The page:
The number of migrants waiting on the Mexican side of the border appears to be dwindling. Shelters in cities like Ciudad Juárez are emptying as many migrants have decided to surrender to US authorities before Title 42 ends on Thursday evening.
On the eve of a nationwide vigil, advocate say they are determined to show resilience and community pride.
The US government cut aid to Northern Triangle countries after President Donald Trump blasted the countries for sending migrants to the United States.
The border city is a case study in how Mexican municipal and state-level officials are charged with handling the effects of increasingly restrictive US immigration policies largely on their own.
The federal government is a major employer in El Paso, one of the largest cities along the US-Mexico border. The shutdown has affected thousands of customs, Border Patrol and drug enforcement agents who are reporting to work without pay.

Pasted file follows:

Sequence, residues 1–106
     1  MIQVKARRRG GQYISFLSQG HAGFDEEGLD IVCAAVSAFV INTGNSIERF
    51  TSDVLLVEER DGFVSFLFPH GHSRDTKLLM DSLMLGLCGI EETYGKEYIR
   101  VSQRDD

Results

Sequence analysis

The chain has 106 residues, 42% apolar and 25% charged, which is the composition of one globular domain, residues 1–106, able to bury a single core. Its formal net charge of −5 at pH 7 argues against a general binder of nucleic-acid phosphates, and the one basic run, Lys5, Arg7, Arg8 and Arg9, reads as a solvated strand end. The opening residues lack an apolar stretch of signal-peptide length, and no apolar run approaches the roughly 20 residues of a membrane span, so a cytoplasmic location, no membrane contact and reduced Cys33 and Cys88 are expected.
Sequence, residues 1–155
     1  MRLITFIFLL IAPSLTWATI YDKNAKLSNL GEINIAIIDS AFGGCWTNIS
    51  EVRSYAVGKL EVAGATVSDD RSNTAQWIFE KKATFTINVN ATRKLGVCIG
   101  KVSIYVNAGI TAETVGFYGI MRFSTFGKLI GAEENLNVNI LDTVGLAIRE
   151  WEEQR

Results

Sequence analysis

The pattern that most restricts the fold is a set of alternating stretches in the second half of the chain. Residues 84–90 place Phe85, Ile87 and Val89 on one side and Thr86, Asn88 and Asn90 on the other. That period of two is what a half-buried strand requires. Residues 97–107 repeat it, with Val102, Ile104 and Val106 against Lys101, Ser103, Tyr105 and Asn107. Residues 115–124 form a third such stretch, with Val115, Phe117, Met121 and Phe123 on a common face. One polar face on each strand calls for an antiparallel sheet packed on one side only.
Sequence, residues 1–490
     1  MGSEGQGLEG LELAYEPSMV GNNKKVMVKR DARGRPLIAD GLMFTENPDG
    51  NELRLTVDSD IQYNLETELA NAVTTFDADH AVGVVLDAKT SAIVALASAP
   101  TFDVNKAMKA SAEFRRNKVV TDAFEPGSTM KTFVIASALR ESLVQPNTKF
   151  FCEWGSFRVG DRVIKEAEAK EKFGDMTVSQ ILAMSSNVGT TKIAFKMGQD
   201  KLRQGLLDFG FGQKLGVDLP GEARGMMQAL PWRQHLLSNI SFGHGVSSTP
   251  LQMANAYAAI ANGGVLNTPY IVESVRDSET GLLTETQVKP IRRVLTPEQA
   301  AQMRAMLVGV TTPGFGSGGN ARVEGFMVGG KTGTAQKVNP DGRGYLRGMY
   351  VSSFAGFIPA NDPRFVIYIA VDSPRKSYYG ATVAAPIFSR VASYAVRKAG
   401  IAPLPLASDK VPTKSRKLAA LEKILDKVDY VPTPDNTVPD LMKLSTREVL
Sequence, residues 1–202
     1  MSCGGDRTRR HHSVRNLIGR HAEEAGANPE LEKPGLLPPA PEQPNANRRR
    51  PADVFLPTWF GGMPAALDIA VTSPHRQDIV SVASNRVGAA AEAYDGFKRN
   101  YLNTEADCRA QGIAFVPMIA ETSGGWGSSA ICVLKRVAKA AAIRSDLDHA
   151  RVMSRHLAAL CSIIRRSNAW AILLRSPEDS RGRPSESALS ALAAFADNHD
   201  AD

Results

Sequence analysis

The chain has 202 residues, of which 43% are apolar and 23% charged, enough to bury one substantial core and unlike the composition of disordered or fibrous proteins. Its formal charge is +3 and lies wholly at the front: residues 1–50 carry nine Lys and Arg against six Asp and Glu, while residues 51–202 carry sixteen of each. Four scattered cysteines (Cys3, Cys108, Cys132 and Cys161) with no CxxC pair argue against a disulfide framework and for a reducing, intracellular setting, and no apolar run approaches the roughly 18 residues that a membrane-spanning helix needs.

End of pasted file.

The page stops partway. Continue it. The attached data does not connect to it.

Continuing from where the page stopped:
At one El Paso high school, 70 percent of its students cross the border each day to attend classes. It's a commute that is far from routine.
When Capt. Blake Hall left Iraq, he was preparing to bring his friend and Iraqi interpreter to the United States with him. Unfortunately, a short time later, the interpreter was killed while on patrol with other soldiers. Now, Hall has finally succeeded in bringing the man's family to the U.S.
Afghanis and Iraqis who work with American troops often place themselves and their families in great danger by affiliating themselves with the US. In exchange, a path to the US–and to safety–can be offered. At least that's what's supposed to happen.
The Immigration Reform and Control Act of 1986 granted amnesty to some three million illegal immigrants already in the country. One of those who benefited was Rosaura Piñera, the great-grandmother of Fronteras reporter Monica Ortiz Uribe.